As events unfolded ever so slowly in the Caribbean and Florida, who among event organizers didn’t think, “There, but for the grace of God, go…”?
The organizers of the Miami International Auto Show postponed their event. Surf Expo in Orlando closed a day early.
Shortly before Hurricane Sandy a few years ago, I was headed to a long-planned event in New York, only to be stopped just minutes before I was to get on the plane. Most attendees for this particular show were traveling from the Northeast and had not yet left their homes when the decision was made to cancel, but a few dozen who didn’t get the message in time spent several days cooped up in a mid-Manhattan hotel.
What would you do if your show had the unfortunate pleasure of sitting right in the eye of a potential major natural disaster?
First off, don’t pretend — at least to yourself and your team — that it’s not about the money, because it is.
The better angel hovering just beyond your right shoulder is worried about people’s safety. But the realistic business person hovers over your left shoulder fretting about refunds, cancellation fees and busted budgets.
Even though you don’t want to, think about this ahead of time. Have a plan that, if you’re fortunate, you never have to execute regarding what you’ll do if you find yourself a few days out from the event and you — along with your sponsors and attendees — are learning about an impending disaster.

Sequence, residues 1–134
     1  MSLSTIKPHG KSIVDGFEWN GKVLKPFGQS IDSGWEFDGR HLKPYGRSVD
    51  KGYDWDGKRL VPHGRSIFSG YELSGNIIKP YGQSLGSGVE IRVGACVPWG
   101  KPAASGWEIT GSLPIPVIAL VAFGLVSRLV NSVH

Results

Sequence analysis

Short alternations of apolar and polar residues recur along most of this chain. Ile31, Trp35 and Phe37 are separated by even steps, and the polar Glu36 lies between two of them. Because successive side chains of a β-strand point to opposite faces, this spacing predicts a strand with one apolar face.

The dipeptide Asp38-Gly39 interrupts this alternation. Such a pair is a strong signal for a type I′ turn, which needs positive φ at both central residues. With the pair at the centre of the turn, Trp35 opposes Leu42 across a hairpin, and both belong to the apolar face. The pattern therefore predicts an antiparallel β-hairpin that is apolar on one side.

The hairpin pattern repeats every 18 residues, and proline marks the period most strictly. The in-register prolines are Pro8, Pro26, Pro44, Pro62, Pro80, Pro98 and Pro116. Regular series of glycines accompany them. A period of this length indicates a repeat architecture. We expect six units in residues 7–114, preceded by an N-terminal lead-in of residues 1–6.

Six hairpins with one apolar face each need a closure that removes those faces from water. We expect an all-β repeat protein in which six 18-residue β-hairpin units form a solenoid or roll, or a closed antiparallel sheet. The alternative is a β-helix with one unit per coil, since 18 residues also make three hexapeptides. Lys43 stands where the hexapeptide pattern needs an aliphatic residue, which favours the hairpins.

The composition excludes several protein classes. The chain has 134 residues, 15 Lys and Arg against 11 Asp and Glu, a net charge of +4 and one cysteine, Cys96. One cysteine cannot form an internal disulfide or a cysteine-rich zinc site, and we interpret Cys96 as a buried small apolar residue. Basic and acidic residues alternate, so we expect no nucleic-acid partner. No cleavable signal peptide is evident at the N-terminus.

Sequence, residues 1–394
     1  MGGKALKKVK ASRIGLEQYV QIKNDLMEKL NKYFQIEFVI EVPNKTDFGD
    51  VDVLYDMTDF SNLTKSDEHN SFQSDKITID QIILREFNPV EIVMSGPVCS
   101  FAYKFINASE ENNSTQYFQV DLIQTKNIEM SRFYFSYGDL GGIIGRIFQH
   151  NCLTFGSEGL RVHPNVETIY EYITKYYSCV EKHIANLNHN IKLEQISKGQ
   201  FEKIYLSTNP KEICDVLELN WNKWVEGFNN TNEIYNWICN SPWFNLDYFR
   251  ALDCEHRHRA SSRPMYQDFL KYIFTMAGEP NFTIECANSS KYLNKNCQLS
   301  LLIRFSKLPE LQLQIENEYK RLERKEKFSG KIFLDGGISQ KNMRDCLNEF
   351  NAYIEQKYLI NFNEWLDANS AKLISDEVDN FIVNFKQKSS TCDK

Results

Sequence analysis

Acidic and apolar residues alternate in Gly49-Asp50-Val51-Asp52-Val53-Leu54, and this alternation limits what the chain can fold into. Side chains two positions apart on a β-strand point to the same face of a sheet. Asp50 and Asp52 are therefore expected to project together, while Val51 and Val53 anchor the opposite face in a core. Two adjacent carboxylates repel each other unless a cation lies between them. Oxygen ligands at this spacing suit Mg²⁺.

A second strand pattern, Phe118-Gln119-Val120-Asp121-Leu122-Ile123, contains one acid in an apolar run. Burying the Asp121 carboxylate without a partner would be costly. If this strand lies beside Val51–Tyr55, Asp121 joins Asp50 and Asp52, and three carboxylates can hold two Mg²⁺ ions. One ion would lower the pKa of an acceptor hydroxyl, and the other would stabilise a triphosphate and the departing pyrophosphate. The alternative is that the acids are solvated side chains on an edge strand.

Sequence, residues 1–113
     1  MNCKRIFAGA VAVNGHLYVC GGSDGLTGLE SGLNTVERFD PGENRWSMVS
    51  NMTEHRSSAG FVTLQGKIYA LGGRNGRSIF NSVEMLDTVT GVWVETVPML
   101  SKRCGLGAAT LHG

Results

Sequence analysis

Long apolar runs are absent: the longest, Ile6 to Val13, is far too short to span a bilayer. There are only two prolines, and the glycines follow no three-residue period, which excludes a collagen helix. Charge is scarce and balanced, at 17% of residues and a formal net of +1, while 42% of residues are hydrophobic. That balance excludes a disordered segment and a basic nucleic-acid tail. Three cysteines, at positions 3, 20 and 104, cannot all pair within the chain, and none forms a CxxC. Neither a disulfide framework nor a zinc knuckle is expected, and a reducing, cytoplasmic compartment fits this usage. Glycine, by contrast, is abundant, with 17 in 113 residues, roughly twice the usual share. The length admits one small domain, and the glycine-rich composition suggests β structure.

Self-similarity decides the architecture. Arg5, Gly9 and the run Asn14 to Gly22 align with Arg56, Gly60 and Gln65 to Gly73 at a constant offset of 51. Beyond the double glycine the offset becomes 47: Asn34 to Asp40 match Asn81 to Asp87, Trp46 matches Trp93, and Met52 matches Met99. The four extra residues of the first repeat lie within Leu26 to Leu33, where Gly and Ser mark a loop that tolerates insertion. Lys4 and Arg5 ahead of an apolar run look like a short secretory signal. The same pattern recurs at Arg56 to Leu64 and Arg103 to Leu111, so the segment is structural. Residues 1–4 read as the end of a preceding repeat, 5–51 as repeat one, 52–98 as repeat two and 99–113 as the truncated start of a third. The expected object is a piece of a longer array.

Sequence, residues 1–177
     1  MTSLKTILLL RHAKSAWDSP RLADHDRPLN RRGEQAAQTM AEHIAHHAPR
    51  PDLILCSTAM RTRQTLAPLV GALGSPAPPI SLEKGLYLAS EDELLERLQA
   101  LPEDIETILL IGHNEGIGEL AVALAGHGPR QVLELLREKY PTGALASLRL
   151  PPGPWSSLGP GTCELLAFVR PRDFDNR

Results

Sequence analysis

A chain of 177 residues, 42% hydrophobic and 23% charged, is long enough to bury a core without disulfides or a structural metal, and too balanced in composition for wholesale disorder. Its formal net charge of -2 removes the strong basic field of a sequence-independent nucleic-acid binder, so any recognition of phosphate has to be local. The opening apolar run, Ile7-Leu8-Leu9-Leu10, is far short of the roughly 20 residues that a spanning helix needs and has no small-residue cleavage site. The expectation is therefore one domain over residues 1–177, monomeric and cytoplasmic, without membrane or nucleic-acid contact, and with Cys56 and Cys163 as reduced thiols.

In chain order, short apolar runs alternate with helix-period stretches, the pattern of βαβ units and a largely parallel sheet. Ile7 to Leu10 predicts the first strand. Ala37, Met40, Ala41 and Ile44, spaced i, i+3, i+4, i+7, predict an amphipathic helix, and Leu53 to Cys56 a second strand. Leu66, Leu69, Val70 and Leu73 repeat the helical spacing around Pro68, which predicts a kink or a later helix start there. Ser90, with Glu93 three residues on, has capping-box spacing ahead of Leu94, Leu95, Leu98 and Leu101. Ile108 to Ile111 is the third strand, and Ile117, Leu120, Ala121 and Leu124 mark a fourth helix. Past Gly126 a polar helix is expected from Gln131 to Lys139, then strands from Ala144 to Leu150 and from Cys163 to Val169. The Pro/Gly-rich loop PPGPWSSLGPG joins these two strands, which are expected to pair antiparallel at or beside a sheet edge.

What would or could you do about rescheduling if necessary? What does the fine print in your contracts with vendors say about the financial implications of a sudden cancellation or an “act of God”? How far are the bulk of your attendees traveling and what does that tell you about how much time you have to make a final decision to go forward or cancel?
Thinking about all this in advance means you can save time changing plans on the spot at the last tension-filled minute.
Do your best during the registration process to assure you have reliable contact information for attendees and exhibitors if and when you need to get in touch with them immediately. Start communicating with them even before you’ve made your final decision about what to do.
Then be available when they start calling, texting and e-mailing you in those days when you’ve got a million other things to think about at the same time.
Do these simple things and when you make your decision about which path to take in the face of a potential disaster — cancel, reschedule, fly blind — you’ll do so with the confidence that will compel your event participants to trust you did the right thing for them.
Michael Hart is an event consultant and conference content professional. He can be reached at firstname.lastname@example.org, @michaelgenehart or 323-441-9654.No Fields Found.